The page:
If things started out as a big bang, on some scale, we will find a "center" of the universe. Is this an astronomy-shaking discovery? No. Maybe a tremor or two, for diehard relativeists. We already know that for specific purposes, there is often a preferred metric for computational or navigational purposes. Remember back in the Apollo program when the physics guys tried to explain that at a specific point, the coordinate system for the spacecraft shifted over from Terra-centric to Luna-centric, and the reporters looked at the "jog" in the plot and asked if the spacecraft would feel a "lurch" as it passed this point?

It's not nearly as big a deal as, say, whether Pluto is a "planet" or not. Pick a label, pin the sticker on the rock, except in this case, the rocks are superclusters of galaxies.

Re:Why Not? (5, Informative)

mlewan (747328) | more than 6 years ago | (#20413513)

"If things started out as a big bang, on some scale, we will find a "center" of the universe. "

I thought that was not the case. The big bang started in a point, but a point that is equally far from every other point in the universe, so there is no "centre". It is not a very intuitive statement, but that is what I understood from some article or other on the subject.

Re:Why? (4, Interesting)

fygment (444210) | more than 6 years ago | (#20413063)

The author states that the reasons for the orientation are beyond the scope of the paper. But the implication of the orientations is that the universe is not spherical. I have had only one course in cosmogeny (origins of the universe) and all the models lead to symmetry. So any indication of a lack of symmetry implies that we are missing some big piece of the puzzle. Combine this with the tenousness of many of the theories of cosmology (eg. Big Bang ... far from perfect and getting further ) and the picture emerges that there is not a lot that is actually known about the structure of the universe. Despite all the bravado and pat statements in the media, all we have are half-baked guesses. Mind you, does it really matter? Given our very short lives in the grand scheme of things, the lack of knowledge probably isn't hurting us.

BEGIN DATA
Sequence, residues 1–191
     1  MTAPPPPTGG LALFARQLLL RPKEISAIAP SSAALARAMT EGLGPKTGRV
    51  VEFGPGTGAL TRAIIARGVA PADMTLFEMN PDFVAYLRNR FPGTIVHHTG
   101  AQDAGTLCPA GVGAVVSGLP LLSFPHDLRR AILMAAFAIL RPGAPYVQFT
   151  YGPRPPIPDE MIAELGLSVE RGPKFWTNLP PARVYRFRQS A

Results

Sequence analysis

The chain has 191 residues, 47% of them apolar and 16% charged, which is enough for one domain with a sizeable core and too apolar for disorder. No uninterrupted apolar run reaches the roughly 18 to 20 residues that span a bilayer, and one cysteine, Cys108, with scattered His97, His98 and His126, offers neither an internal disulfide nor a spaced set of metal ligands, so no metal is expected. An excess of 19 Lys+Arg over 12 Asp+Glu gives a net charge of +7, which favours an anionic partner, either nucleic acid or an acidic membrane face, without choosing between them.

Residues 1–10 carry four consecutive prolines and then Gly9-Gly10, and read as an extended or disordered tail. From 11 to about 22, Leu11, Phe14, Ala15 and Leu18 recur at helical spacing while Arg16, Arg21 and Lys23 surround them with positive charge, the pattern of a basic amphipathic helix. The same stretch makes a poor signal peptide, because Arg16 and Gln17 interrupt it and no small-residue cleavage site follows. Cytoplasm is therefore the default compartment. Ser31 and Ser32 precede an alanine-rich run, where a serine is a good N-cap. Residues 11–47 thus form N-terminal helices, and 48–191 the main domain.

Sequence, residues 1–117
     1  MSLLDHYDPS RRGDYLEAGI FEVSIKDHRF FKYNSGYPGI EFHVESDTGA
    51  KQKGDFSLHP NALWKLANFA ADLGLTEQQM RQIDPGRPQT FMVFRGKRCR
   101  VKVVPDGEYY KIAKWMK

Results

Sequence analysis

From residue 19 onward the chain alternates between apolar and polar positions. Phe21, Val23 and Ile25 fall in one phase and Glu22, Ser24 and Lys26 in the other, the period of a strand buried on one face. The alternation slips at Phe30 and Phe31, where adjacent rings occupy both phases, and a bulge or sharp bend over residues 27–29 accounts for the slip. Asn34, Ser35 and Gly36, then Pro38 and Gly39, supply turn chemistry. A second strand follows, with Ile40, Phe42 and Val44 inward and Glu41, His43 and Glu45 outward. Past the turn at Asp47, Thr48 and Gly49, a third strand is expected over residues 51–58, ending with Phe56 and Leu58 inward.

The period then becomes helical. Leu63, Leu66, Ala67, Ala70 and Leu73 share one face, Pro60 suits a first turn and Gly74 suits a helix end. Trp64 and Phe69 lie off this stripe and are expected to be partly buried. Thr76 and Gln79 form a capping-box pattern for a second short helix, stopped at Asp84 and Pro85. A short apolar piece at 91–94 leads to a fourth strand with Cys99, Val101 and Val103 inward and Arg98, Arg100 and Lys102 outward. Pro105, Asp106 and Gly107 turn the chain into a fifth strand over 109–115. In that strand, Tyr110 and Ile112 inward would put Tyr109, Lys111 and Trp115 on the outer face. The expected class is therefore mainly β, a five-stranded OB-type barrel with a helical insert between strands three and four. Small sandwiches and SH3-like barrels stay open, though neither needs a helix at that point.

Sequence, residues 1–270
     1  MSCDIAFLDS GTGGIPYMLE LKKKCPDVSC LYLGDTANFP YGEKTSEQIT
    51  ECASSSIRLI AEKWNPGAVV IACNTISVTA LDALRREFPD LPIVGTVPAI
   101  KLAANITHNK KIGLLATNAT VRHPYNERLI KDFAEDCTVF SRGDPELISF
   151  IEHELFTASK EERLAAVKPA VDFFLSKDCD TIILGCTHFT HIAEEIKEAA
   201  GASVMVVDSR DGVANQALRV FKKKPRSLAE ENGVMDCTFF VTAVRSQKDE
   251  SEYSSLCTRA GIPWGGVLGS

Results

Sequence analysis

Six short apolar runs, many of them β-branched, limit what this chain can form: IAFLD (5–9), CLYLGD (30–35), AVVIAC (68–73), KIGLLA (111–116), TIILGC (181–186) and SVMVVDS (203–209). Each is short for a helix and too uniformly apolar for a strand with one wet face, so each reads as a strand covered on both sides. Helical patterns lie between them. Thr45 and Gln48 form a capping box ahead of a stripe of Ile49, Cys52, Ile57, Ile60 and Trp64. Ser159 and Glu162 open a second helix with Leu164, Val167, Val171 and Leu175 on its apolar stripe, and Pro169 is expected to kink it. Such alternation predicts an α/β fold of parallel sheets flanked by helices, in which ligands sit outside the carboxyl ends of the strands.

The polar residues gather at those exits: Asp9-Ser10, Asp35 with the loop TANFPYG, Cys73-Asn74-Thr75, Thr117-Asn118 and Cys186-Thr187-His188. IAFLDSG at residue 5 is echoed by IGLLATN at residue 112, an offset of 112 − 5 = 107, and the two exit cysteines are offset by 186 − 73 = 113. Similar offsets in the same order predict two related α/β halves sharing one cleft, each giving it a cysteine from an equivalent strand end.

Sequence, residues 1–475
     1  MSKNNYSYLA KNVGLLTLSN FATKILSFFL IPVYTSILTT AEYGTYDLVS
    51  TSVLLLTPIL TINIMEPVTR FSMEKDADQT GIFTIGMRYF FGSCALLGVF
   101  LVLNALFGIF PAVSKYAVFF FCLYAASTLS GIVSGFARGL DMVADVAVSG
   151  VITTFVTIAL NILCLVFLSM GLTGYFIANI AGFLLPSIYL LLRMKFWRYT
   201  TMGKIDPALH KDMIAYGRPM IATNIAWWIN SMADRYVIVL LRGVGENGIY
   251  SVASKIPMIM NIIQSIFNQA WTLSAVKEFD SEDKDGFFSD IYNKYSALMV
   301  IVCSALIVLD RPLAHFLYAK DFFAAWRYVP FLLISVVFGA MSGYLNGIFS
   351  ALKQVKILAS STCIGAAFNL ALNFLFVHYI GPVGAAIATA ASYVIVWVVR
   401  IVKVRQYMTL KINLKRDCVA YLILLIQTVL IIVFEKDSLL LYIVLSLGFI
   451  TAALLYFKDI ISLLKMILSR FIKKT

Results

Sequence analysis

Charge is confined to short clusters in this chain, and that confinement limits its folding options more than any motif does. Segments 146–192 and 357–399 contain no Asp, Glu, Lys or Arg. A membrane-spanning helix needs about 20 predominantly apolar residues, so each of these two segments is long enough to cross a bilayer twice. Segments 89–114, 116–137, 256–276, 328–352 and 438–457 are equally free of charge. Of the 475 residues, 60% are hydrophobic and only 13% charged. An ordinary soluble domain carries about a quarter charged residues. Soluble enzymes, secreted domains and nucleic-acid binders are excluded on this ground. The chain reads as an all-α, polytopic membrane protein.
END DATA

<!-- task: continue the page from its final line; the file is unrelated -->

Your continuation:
Re:Why? (4, Insightful)

WormholeFiend (674934) | more than 6 years ago | (#20413163)

Mind you, does it really matter? Given our very short lives in the grand scheme of things, the lack of knowledge probably isn't hurting us.

We have short individual lives, but the knowledge that we discover outlives us.

If one day our descendants find ways to travel beyond our solar system, this knowledge might prove useful to them.

Re:Why? (2, Interesting)

SQLGuru (980662) | more than 6 years ago | (#20413441)

Or maybe the universe is spherical but with a much larger radius than we ever expected......two points, close together on the surface of a rather large sphrerical object would have almost parallel paths to that center.......

Layne

Re:Why? (1)

Corwn of Amber (802933) | more than 6 years ago | (#20413485)

Symmetrical? When I read tha, I thought "yeah, like, there is some central point, and a copy of myself at twice my distance to the center, from here".

That is exactly as brain-dead as the symmetrical time "theory". So, what is "symmetrical" ??

Re:Why? (1)

TheRealMindChild (743925) | more than 6 years ago | (#20413135)

I'd say Gravity. Our moon orbits around Earth, that orbits around the Sun, that orbits around the nucleus of the Milky way, that orbits around something we don't know is there yet, perhaps?

Re:Why? (1, Funny)

Anonymous Coward | more than 6 years ago | (#20413203)

  1. Moon orbits Earth
  2. Earth orbits Sun
  3. Sun orbits Milky way center
  4. ???
  5. Profit.

quick (-1, Redundant)

joeldg (518249) | more than 6 years ago | (#20412719)